Monday, July 7, 2014

Transformers: Age of Extinction - Zero Stars

When did summer blockbusters become hostage situations? When did referring to them as "jaw-dropping" cease to describe their awe-inspiring imagery, but rather their perpetual-yawn inducing relentless stupidity? Just what is it, exactly, for a film to have no value whatsoever? I'm sad, but not at all surprised to admit that these are the questions that ran through my mind while being subjected to Transformers: Age of Extinction, Michael Bay's nearly three-hour fourth installment in his banner franchise of hollow spectacle.

Three years removed from the last time I watched Bay's giant CGI robots fight it out over the course of a bloated run-time, with a miserable intermission in the form of his vile, hate-fueled Pain & Gain (reviewed here), I'm almost ashamed that I endorsed Dark of the Moon (reviewed here) with the mild praise that I did, even giving a tacit thumbs up to Bay's penchant for misogyny, lumping it in as part of the "spectacle," rather than identifying it as the progressively-growing weakness of a filmmaker no longer able create legitimate lasting images. And coming from an Armageddon devotee, I count Ben Affleck trotting an Animal Cracker from Liv Tyler's cleavage to her waistline as a lasting image... I don't know what that says about me, but it certainly doesn't say much for Mr. Bay.

I don't know what it was, exactly, that made me enjoy Dark of the Moon; perhaps it was the ho-hum summer slate of 2011 combined with the fact that that particular set of robots and boobs was actually an improvement on the previous incarnation. Whatever it was, it no longer applies, and I don't think I can ever again trust the version of myself that gave it the OK.

Am I overreacting? No. It's not that Age of Extinction is devoid of any craft. It actually displays considerable talent. In addition to some incredible effects, Extinction also boasts some great cinematography, along with some really beautiful compositions; it reminded me that somewhere deep down, Michael Bay is a truly talented filmmaker, albeit one who has completely lost the ability to string together more than a few minutes of worthwhile material, especially troublesome when he inflicts 165 minutes of cruel repetition on us this time around.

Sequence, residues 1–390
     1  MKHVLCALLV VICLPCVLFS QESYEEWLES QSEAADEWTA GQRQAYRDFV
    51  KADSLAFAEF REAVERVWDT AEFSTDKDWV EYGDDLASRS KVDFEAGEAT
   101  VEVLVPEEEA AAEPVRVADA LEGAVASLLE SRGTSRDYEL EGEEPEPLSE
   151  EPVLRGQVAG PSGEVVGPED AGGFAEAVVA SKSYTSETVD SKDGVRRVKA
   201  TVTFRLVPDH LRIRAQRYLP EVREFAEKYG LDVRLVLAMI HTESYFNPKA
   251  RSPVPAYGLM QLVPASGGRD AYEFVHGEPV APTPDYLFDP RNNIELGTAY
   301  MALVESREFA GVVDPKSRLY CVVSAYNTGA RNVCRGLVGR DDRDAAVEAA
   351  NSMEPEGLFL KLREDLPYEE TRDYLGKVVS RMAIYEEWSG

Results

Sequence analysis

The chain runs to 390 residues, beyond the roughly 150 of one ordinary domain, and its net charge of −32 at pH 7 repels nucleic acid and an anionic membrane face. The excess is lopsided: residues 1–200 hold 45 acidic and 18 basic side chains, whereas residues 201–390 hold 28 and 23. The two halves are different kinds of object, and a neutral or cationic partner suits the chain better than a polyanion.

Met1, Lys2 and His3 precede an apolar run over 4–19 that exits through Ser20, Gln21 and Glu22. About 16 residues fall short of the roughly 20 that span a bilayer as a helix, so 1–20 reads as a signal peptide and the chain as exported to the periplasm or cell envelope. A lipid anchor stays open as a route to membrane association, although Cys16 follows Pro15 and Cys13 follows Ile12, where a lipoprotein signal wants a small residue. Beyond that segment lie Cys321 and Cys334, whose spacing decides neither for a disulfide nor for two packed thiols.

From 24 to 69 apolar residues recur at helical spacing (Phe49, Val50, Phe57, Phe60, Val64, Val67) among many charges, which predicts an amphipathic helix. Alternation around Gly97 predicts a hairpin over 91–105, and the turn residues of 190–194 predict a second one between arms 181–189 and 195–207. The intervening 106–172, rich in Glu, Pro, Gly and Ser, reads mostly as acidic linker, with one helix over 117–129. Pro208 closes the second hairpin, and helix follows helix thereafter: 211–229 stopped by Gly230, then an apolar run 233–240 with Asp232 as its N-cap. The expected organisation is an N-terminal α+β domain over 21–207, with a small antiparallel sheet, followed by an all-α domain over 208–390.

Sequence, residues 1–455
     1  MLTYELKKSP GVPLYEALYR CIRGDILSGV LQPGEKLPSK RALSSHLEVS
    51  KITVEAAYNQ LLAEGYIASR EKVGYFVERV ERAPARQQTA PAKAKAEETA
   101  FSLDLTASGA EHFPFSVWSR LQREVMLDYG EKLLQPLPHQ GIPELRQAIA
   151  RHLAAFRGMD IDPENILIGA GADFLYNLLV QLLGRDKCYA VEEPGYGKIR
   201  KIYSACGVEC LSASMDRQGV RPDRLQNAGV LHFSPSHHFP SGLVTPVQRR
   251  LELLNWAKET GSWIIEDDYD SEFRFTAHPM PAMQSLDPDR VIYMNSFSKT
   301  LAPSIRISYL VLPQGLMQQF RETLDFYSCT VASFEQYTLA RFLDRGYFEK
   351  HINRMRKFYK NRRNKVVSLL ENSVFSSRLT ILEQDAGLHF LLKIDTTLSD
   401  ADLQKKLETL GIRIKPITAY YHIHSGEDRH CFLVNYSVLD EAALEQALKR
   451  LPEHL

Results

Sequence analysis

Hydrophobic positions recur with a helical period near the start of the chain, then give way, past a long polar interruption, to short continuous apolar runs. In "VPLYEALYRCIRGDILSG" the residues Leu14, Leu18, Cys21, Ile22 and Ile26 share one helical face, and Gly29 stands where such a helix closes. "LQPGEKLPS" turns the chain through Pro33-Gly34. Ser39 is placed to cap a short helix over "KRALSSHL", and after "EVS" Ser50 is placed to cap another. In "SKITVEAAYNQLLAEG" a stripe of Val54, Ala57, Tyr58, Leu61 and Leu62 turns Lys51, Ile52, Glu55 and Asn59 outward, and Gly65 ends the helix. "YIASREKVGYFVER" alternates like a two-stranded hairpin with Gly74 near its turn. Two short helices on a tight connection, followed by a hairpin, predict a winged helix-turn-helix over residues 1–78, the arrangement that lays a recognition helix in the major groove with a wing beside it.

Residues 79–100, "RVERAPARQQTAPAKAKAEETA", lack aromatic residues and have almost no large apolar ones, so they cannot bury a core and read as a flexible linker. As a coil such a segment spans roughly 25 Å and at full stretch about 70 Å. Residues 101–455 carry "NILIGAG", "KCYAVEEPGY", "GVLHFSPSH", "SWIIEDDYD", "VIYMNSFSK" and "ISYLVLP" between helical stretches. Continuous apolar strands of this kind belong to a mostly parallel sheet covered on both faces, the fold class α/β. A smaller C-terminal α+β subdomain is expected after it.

Worse still is that these positive aspects were often contradicted by their context, many of them coming in the first hour, in which Bay seems to be making a concerted effort to develop his characters, showing us Mark Wahlberg's struggling inventor farm-boy father trying to raise a daughter who Bay refuses to clothe, so we get images of college loan refusal and silhouetted dad contemplatively looking off into beautiful sunsets, which would have been effective had we not seen three other Transformers films which conditioned us to ignore the human drama that inevitably gets paved over an hour later by robots bashing each other to bits, as happens an hour after Wahlberg ponders that gorgeous sunset.

But it's not just the ironic negation of the modicum of quality that the film shows, but the utter pointlessness of its being that makes Extinction such a chore to watch. Cut out the stupidity, the misogyny, the out-of-place cliche Japanese samurai Transformer, and you still have a tortuously long blockbuster with an asinine script and played-out imagery that we've seen for nine hours already... How much more robot-on-robot crushing and crinkling can anybody really take? Considering the fact that there's nothing new here, no fresh take, despite the re-boot set-up, Bay and company seem to think audiences are game for hours and hours more of these tired images. I for one say they're wrong, which is why I bought a ticket to a different film when I saw Extinction, and I hope you will to, if you feel the need to watch this trash out of obligation because you saw the other three, because in Hollywood you vote with your dollar, and a ticket to this only begs for Transformers 5, and who knows what wretched depth that film will reach? I definitely don't want to feel obligated to find out.